BOSTON -- It certainly feels like the Ottawa Senators have fully wrapped a sleeper hold on the Bruins offense, doesn’t it?
The Sens took a commanding 3-1 lead in the best-of-seven series with a 1-0 shutout win in Game 4 at TD Garden where they shut out leading scorer Brad Marchand for the third game in a row, and have held David Pastrnak to a paltry two shots on net in four playoff games in the series. In this particular game, the B’s had their chances early with 12 shots on net in the first 20 minutes, and top shelf scoring chances for Marchand on two different breakaways behind Erik Karlsson. Ryan Spooner had the Bruins' third chance, a high slot off an odd-man rush to the Senators' net.
But they came up empty and more than a little frustrated afterward. Still, they pledged to turn the page to Game 5 on Friday night in Ottawa.
“You just have to stick with it,” said Brad Marchand, who missed on a couple of breakaway chances in the first period. “We know that’s the team we’re playing and that’s fine. We were that [defensive-minded] team for many years. So, you know, they say defense wins championships and that’s obviously their motto over there. We just have to find a way to continue to do the same thing [generating chances].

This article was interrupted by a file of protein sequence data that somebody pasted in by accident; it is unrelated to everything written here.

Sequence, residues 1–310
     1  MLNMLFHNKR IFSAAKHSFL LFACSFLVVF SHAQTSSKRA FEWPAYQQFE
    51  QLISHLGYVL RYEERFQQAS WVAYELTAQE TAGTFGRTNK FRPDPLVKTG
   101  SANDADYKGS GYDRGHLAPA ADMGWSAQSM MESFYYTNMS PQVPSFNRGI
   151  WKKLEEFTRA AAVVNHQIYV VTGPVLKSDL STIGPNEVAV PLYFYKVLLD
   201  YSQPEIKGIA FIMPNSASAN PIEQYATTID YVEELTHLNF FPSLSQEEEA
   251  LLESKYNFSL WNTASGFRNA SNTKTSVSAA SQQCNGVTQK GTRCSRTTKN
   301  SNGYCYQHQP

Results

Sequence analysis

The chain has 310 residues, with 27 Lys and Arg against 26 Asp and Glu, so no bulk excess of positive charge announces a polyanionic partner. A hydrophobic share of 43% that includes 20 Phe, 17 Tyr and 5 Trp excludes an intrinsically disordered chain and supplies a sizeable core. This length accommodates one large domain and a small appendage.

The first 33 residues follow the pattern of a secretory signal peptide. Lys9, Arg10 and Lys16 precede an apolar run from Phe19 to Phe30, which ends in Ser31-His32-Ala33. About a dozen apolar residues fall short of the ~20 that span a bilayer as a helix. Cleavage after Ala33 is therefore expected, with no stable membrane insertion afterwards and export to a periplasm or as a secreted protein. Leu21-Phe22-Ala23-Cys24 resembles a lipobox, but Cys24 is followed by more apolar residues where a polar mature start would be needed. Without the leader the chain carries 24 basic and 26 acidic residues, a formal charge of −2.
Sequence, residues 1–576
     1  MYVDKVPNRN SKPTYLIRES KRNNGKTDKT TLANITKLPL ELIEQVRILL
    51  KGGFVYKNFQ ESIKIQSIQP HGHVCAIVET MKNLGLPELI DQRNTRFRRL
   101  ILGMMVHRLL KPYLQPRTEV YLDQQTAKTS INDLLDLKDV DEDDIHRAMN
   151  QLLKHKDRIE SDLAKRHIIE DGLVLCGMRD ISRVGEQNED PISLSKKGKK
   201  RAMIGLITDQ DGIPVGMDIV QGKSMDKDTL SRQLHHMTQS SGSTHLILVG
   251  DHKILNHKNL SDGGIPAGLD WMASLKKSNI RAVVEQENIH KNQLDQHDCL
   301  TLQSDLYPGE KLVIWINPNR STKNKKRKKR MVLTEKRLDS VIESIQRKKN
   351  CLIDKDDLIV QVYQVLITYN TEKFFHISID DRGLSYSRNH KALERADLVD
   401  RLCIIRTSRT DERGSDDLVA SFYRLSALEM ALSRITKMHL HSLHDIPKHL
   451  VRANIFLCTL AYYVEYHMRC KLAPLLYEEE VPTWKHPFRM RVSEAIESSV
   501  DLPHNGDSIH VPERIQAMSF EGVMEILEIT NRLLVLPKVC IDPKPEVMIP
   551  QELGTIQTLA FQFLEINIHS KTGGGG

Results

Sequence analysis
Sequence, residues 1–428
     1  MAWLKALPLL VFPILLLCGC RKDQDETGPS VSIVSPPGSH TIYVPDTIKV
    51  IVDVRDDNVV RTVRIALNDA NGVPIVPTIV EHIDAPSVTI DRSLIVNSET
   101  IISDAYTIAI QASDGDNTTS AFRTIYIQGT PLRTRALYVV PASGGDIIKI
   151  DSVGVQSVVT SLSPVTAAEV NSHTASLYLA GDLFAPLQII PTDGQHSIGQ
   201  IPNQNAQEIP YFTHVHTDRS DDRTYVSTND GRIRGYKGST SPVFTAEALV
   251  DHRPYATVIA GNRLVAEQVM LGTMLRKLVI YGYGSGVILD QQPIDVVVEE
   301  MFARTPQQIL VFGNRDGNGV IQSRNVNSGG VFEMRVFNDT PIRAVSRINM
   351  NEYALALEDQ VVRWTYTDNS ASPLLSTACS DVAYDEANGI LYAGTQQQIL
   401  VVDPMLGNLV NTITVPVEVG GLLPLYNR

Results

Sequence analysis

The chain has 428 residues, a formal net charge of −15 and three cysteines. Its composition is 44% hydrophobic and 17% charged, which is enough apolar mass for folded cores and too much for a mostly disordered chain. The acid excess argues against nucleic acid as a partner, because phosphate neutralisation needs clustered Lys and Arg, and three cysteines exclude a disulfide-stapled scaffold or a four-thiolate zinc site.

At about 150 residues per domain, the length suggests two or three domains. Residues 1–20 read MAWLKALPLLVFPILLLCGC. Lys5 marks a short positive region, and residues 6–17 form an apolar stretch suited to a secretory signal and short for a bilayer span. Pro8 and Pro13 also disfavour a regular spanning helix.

"That’s hockey. You’re not going to win 7-6 every night. You’ve got to be able to play any style, so that’s the way it is.”
Team-wide the Bruins managed just 10 shots on net in the final 40 minutes as Ottawa clogged up the neutral zone and prevented the B’s from holding the puck in the offensive zone for any meaningful period of time.
The Bruins could make the argument that it was just another one-goal game that could have gone either way, but some of the oomph is lost from that take when one realizes that Wednesday night is exactly the pace and style of play that the methodical, frustrating Senators are looking for.
“They’re good [on defense], for one,” said interim coach Bruce Cassidy. “They’ve done a good job with that. The identity of their team is they’re always five back for the most part. So there’s not a lot of free ice in there. And they break out pucks well. They’ve got a goaltender that handles it well. They’ve got some defensemen, so they’ve got good structure.
“We knew it would be difficult. But, for us, the flip side of that is the first periods when we did have our ice and we did have our opportunities, we weren’t able to bury them. Sometimes, with a team like Ottawa, or with any team, if you get a lead, the game opens up a little bit and some of those opportunities are a little easier to get through there.”
So now the Bruins have gone through four playoff games against Ottawa with fits and starts offensively where it can burst through for two or three goals in a period’s time, or multiple periods where nothing is doing against the Senators' zone-clogging trap. But the bottom line is that the B’s have only done enough offensively to win one of the four playoff games in the series, and it doesn’t look like that trend is going to change with Boston’s back now firmly against the wall.